But the statistics mask a much more troubling trend in China. Friedmann viewed the 65 years through the lens of three political cycles, taking listeners back to when Mao Tse-tung assumed control of the country.

“Mao has unified China and now embarks on a collectivist experiment,” Friedmann said of that time. “People are guaranteed a basic livelihood and equality is achieved. But the costs are enormous. Personal freedoms are suppressed. In comparison to east Asia and western Europe, China’s economy remains economically and technically backward. The egalitarian experiment has failed.”

In the second cycle, initiated by Deng Xiaoping, “the state promotes economic growth as the first priority,” Friedmann said. “China becomes a producer for world markets — by the end of the cycle, second only to the United States in total production. But the costs incurred are heavy. China ranks among the group of countries with the highest indices of income inequality worldwide.

“Serious damage continues to be done to the collective resources of air, water and land, endangering peoples’ health and well-being,” he added. “An insipient class system emerges.” Middle-income sectors are the principle beneficiaries of public policy and the enjoyment of personal freedoms extends disproportionately in comparison to the indigent population, which remains statistically significant.

“The masses of the working poor have little to cheer about,” Friedmann said. “As for political freedoms, even the topic remains off-limits for discussion.”

Photo by Roberto Gudino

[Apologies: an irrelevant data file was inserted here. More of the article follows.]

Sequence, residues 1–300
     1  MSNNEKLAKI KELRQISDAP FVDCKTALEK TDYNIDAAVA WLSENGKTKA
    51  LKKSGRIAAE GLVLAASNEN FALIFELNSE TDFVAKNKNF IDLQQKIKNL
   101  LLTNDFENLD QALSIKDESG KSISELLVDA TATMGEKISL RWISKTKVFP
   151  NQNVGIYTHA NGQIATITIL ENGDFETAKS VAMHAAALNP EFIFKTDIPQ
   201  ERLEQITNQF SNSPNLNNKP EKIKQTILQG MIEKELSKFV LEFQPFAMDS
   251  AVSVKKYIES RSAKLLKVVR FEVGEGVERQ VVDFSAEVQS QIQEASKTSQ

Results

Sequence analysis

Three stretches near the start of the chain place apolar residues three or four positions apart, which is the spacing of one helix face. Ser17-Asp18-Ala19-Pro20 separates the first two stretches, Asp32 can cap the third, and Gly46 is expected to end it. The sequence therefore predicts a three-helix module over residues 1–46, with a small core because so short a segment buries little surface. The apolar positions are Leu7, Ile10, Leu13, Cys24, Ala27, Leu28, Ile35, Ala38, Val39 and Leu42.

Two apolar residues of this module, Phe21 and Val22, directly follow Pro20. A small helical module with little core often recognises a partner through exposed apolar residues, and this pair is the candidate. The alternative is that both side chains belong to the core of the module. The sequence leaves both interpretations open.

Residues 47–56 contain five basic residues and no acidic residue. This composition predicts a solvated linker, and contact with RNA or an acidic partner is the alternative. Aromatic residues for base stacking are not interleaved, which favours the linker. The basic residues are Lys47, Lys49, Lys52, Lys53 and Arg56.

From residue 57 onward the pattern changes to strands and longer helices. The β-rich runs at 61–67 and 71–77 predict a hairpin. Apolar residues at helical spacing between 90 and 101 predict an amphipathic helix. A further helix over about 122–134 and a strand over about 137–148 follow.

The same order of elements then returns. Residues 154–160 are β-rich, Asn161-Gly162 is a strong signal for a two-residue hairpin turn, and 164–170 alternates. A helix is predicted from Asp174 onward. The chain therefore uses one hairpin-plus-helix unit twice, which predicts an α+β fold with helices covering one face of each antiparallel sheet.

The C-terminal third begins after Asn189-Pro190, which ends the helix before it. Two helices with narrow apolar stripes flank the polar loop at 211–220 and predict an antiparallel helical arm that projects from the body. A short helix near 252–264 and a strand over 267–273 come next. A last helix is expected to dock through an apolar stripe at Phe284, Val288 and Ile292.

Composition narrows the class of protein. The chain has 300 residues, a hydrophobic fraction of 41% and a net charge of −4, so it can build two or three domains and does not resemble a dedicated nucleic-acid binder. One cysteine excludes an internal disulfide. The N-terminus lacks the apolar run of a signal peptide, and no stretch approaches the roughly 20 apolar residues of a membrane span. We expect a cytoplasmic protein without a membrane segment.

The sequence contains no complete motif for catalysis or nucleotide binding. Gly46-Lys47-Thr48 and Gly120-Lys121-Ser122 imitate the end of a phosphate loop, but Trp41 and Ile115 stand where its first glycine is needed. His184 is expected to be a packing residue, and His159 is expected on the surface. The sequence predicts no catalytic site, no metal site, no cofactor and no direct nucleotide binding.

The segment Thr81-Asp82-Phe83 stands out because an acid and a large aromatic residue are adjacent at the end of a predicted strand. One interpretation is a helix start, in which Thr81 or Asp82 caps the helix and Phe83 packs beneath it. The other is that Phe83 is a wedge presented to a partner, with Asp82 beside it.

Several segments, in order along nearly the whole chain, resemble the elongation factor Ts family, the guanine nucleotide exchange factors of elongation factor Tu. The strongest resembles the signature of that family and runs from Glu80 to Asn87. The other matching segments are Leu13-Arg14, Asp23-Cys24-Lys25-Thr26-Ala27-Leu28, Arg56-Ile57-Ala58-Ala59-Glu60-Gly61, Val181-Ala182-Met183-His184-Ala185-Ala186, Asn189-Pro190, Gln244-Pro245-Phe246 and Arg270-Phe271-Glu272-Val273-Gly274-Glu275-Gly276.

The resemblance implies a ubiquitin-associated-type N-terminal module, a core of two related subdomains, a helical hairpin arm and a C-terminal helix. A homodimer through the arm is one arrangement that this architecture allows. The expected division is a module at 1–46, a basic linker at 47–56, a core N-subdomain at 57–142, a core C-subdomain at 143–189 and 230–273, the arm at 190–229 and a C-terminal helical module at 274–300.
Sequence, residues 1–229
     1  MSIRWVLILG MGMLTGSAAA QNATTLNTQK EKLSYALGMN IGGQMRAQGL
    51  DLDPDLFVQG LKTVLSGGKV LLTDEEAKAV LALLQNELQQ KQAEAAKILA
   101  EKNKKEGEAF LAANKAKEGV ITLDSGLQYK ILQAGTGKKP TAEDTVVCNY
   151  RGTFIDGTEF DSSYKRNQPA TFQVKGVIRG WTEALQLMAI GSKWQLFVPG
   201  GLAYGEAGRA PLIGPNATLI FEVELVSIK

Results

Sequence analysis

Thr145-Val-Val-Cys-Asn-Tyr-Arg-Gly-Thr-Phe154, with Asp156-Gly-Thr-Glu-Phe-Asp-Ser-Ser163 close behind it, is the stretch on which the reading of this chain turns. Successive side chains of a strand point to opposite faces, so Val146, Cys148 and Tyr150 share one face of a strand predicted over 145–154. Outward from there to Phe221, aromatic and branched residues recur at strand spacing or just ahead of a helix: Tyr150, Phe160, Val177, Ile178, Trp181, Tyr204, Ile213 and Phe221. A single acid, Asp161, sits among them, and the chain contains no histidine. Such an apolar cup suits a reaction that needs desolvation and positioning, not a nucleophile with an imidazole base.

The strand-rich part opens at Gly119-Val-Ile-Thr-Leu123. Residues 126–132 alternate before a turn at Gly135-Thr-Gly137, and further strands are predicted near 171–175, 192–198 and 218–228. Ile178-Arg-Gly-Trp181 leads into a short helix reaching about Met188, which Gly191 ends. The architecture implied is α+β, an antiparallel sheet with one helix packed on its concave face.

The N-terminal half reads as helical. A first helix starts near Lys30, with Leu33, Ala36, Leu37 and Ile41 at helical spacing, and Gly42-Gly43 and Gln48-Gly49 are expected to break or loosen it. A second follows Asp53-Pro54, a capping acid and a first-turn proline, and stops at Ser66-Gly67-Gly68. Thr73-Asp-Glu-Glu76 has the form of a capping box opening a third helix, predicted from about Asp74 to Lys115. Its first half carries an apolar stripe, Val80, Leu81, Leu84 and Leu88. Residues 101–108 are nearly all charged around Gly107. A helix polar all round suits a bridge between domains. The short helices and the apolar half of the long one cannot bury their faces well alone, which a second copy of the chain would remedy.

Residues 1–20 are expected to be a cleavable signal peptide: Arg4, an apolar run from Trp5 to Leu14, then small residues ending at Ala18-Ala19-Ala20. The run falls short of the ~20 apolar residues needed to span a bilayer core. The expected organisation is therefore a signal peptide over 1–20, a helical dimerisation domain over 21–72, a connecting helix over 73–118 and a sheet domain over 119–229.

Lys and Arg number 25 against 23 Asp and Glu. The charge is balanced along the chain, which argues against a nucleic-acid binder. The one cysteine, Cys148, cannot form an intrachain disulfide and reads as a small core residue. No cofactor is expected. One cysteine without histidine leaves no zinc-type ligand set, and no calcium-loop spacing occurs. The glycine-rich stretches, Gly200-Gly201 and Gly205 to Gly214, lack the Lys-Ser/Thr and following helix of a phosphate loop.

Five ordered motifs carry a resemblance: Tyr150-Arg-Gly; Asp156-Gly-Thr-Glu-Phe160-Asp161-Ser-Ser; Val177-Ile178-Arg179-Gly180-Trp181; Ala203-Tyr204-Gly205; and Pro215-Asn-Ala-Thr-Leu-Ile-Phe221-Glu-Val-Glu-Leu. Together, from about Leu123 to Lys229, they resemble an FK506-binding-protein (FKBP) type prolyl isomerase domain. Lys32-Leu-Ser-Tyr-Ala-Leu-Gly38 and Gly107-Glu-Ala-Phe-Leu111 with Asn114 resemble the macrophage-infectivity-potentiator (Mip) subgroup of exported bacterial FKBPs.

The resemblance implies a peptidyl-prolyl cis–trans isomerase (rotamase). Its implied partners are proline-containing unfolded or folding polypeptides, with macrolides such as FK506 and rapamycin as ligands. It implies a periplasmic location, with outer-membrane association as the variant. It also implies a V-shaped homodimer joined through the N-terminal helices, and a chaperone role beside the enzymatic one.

Photo by Roberto Gudino

The challenges left behind by the two previous cycles have now been passed on to a new generation of leaders headed by Xi Jinping, who has launched the third political cycle of CCP rule under severe economic restraints, even as the country attempts to position itself as a global leader.

“Each of the two cycles I have sketched lasted for about 30 years,” Friedmann said. “Each begins with a powerful vision, the egalitarian utopia of the classless society, the heady promise of the socialist market economy, and ends with a sense of profound disappointment. Even our best intentions tend to fall short of their initial promise. And yet, we continue to try, perhaps as the poor Samuel Beckett said, next time to fail better.”

Before his lecture, Friedmann reflected on his time at UCLA as a founder and as the chair of Urban Planning for 14 years.

“I rather enjoyed being in that leadership role,” he said. “The vision that I had was that planning at the local level was not just a profession. Urban planning is a concept that is not all that clear and encompasses larger and larger areas. I transitioned from rural, perhaps, to a more urban set of functions.

“We wanted to recruit a faculty who would also be very scholarly and would engage in research to bring this forward. Today, this seems obvious, but it wasn’t obvious then.”

Friedmann arrived at UCLA in 1969 and he smiles when asked what he thinks about how Urban Planning has blossomed into a strong, influential department within the Luskin School of Public Affairs.

“I’m pleased to see that the Urban Planning program, now department, is flourishing in so many different ways and the research function has been expanded,” he said. “There are so many centers here in planning or related to planning. I am very happy to see this strong profile that you have and wish that it would continue forever.”